My friend was horrified when he came across news that outlet.com.sg had went bankrupt. Over 600 consumers and merchants have taken their grievances online. They operate similarly to Groupon, and he had bought things from them previously, such as gelato buffets. On hearing the news, we went to check if we had any unused coupons, which thankfully we didn’t. But what will happen to those that do.
The coupon business has been the darling of online shoppers over the last two years. Their short titles grab your attention with “Daily Deals!” and “70% off!”. The deals are no longer as valued for money and many are of the same types: ‘dubious’ travel packages or spas, facials, and bikini waxes! Too many new players, less interest by consumers spells trouble and it appears that the first sign of the bubble popping has appeared with Outlet.com.sg filing for bankruptcy. Yet, only in June, Outlet.com.sg was ranked the 5th highest coupon website in Singapore and there are many more that I have never heard of.
Apparently, since 10 Aug 12, Outlet.com.sg has been placed under liquidaton and there have been many complaints of consumers who have paid but not receive their items.
What you should do if you have unused Outlet.com.sg items:
- Join the Outlet.com.sg Victim facebook page
- Check with Raffles Corporate Consultants if your item is listed as delivered prior to the filing of insolvency. You may have a chance of retrieving it. This was stated from the website.
- Check with your bank or Paypal if you paid by credit card and attempt file a dispute claim. They might be willing to refund you the money. Comments from facebook indicate that successful refunds were obtained from AMEX and POSB. So at least try and see how it goes.
- Else, you can choose to file a Proof of Debt (Form 77) for Company Liquidation through IPTO (http://app2.ipto.gov.sg/) Direct link to the form is here. It will cost you $8.
Unless it can be proven that Outlet.com.sg was involved in fraudulent conduct of their business, otherwise under Singapore regulations, once a company has filed for insolvency,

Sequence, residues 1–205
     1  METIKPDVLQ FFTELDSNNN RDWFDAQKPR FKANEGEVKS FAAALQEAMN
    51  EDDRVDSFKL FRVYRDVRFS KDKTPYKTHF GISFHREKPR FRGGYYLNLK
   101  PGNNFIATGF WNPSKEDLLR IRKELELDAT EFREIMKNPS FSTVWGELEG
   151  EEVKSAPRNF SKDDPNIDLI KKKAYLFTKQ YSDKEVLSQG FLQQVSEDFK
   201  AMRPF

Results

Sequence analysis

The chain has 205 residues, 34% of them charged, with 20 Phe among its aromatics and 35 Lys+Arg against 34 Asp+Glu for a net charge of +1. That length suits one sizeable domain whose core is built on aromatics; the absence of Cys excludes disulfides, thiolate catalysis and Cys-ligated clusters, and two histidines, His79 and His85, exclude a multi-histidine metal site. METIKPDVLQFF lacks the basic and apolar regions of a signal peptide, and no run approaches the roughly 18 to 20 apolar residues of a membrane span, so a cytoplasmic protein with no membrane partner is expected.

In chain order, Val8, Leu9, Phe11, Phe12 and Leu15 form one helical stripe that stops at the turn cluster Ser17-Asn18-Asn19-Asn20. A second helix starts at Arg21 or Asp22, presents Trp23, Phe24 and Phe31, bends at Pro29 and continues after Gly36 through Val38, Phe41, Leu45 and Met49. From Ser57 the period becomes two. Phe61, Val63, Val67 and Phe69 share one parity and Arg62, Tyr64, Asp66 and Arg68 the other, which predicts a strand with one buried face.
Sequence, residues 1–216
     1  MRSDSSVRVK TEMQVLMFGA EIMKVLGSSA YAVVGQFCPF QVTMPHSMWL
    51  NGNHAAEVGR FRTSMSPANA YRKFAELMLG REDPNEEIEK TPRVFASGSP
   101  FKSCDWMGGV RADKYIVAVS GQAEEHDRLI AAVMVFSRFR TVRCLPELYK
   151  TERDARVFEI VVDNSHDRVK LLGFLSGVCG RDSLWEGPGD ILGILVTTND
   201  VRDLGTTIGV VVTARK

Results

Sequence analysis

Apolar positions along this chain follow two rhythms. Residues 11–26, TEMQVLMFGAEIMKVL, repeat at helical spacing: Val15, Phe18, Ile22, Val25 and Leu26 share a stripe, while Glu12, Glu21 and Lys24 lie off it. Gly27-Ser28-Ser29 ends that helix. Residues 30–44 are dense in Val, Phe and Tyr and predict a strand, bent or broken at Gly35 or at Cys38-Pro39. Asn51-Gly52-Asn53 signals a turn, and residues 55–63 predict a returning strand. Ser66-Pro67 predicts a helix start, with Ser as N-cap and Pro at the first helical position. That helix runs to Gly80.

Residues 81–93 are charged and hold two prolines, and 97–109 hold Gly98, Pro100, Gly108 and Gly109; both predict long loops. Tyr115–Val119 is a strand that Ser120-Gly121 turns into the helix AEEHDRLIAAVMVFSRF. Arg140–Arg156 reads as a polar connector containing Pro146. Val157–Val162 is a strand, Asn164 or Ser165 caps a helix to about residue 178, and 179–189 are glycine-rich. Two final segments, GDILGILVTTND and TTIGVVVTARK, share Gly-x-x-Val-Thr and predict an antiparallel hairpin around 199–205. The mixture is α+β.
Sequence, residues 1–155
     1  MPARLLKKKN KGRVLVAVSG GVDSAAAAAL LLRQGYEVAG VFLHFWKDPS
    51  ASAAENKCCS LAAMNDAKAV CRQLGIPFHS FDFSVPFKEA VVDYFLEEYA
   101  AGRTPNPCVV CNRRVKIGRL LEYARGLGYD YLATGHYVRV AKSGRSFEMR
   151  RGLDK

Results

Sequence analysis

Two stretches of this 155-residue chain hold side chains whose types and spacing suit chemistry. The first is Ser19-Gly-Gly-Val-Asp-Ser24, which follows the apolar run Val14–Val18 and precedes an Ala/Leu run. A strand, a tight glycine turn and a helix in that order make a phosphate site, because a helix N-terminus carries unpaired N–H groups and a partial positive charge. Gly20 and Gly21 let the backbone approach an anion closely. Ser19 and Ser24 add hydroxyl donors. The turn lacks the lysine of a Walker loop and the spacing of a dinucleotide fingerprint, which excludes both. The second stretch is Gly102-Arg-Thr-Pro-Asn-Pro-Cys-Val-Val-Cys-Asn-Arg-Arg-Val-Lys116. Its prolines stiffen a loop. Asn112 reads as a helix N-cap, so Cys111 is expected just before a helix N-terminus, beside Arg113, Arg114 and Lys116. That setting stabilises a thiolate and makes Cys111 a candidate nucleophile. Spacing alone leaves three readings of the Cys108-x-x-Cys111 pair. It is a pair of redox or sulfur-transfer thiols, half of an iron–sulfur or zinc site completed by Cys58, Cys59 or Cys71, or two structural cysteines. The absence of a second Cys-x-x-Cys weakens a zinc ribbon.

“ their assets would be handled by an independent appointed liquidator. The liquidator would then investigate into the company’s affairs and the conduct of the company’s officers, and make the appropriate recovery from them. All business is ceased and the assets/goods are frozen for computation and distribution. Consumers are considered unsecured creditors and they are paid on a pari passu basis, i.e. they are paid out of the company’s assets equally. Any balance is then distributed among the contributories of the company ”
For the distribution of assets, it would be in accordance to:
“ Section 328 of the Companies Act in the following order:
- Costs and expenses of winding-up, including the taxed costs of the petitioner and the remuneration of the liquidator
- Wages or salary including allowance or reimbursement
- Retrenchment benefits or ex gratia payments under employment contracts
- All amounts due in respect of workmen’s compensation under the Workmen’s Compensation Act accrued before, on or after the commencement of winding-up
- Contributions payable by the company as an employer
- All remuneration payable to any employee in respect of vacation leave, accrued in respect of any period before, on or after the commencement of winding-up